It adds: “Our members’ products have among the lowest carbon footprints globally and are helping the world transition to a cleaner, low-carbon future; safely, responsibly, and sustainably.”
That’s a strong selling point for a growing wave of investors who want to invest in “cleaner” mining and mining products. Commodity buyers and investors are now considering environmental, social, and governance (ESG) criteria in their investment discissions.
On all this, Michael Goehring, CEO of MABC, says: “This puts our industry and BC’s economic potential in an enviable position. We already have home advantage.
“Owing to abundant, clean hydropower and advanced mining and refining methods, BC has some of the lowest greenhouse-gas emitting mines and smelters in the world. We also meet some of the highest regulatory standards in the world for environmental assessment, operational permitting, compliance and enforcement, and post-closure monitoring and reclamation.”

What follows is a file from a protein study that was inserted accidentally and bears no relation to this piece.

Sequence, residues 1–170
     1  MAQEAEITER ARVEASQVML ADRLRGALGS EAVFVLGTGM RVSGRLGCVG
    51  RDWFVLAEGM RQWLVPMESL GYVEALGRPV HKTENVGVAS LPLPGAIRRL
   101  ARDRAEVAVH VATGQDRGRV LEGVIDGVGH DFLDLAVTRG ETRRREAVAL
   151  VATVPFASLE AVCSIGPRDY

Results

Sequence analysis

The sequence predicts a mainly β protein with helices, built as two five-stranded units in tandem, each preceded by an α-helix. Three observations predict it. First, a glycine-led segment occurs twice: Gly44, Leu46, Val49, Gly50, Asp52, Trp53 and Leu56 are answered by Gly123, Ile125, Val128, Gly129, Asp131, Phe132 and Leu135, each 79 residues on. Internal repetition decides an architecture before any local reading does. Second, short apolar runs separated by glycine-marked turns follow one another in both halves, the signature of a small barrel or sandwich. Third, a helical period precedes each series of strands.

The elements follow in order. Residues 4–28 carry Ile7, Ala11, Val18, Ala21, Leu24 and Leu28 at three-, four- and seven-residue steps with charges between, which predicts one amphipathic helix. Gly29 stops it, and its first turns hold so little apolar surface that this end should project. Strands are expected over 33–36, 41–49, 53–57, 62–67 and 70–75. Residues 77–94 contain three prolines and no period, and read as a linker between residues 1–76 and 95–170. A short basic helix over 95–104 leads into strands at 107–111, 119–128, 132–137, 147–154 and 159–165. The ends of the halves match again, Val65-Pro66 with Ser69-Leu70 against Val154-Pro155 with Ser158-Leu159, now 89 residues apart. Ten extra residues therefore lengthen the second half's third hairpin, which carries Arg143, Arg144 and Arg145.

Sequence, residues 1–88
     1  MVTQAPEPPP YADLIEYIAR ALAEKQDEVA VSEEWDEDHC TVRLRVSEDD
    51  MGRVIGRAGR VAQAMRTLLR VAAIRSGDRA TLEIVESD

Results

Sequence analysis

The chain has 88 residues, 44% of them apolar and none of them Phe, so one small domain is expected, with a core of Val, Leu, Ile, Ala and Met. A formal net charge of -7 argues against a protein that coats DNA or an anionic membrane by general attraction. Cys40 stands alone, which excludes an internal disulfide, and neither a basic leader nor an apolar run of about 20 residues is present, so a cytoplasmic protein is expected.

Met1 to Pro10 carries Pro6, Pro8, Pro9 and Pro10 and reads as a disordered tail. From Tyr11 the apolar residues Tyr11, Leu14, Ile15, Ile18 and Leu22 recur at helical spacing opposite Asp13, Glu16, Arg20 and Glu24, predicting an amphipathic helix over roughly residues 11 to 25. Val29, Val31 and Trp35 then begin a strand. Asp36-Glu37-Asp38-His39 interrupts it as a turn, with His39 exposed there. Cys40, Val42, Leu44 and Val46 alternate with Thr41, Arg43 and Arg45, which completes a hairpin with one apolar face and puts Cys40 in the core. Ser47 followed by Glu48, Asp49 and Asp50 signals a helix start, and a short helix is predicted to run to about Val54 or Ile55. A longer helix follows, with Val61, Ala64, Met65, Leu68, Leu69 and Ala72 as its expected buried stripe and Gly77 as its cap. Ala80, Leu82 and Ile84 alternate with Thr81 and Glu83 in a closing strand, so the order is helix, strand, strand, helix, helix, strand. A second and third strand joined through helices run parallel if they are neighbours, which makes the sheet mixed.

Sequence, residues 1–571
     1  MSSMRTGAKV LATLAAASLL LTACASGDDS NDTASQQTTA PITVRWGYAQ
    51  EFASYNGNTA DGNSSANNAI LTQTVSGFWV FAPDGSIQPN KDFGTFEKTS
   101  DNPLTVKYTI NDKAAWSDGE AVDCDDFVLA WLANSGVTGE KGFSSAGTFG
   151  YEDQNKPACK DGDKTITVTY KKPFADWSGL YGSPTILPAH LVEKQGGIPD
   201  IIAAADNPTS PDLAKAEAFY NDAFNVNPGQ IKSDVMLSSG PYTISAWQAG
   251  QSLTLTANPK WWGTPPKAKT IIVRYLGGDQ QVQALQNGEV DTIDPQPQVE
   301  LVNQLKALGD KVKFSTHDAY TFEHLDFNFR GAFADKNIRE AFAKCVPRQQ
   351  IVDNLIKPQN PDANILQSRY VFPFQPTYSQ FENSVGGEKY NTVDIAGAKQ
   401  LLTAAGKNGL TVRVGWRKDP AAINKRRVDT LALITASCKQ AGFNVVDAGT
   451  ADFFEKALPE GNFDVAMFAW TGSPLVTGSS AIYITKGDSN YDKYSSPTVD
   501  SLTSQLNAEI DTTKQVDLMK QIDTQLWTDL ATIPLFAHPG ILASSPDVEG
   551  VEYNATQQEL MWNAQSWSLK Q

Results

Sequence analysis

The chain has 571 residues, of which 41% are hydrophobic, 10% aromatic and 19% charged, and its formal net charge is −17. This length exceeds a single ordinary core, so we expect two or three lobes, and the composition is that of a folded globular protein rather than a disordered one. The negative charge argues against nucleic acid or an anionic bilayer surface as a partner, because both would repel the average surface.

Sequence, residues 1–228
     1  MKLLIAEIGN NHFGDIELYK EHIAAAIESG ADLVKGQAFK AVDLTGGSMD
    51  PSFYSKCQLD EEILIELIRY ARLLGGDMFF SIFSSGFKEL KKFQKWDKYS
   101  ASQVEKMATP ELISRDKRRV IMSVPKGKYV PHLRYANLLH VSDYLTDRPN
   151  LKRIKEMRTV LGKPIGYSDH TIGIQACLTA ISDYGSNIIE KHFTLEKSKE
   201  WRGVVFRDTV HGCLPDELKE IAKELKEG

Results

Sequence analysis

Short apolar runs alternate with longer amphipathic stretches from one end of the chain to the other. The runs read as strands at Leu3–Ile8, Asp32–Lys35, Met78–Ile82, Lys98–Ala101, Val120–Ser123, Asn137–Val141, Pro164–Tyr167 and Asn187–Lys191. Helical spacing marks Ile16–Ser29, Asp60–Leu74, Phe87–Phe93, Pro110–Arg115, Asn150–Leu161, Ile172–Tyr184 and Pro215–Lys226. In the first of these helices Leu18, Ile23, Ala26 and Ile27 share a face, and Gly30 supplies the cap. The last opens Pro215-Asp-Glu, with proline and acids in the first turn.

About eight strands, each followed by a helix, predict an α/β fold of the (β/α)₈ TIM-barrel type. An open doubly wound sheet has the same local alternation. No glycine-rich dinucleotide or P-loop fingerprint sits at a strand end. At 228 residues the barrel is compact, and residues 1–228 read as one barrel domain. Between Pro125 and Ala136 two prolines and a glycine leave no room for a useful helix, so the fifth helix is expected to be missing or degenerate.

But not all is rosy. If one carbon tax kept people from driving to their jobs, another is driving jobs from the people.
The BC Mining Jobs Task Force in 2019 identified BC’s carbon tax as the single greatest barrier to helping the industry compete in the global market.
“Currently, 46 national and 32 subnational jurisdictions have a price on carbon and BC’s carbon tax is among the highest in the world. All jurisdictions with carbon pricing, except BC, provide meaningful support for their mining industries.”
The Business Council of BC writes that while other jurisdictions apply a carbon tax, BC is the only one with an aggressive pricing system that provides essentially no support to its traded industries—that is, industries that are export-oriented or compete with non-taxed imports.
That means that British Columbians add the cost of BC’s carbon tax to the price of their metals and minerals, but competitors in Chile or elsewhere don’t have to—because they don’t have a carbon tax. That’s not to say BC shouldn’t have a carbon tax, but if it does, it should protect its trade-exposed industries from the carbon tax when competing with companies that don’t require the tax.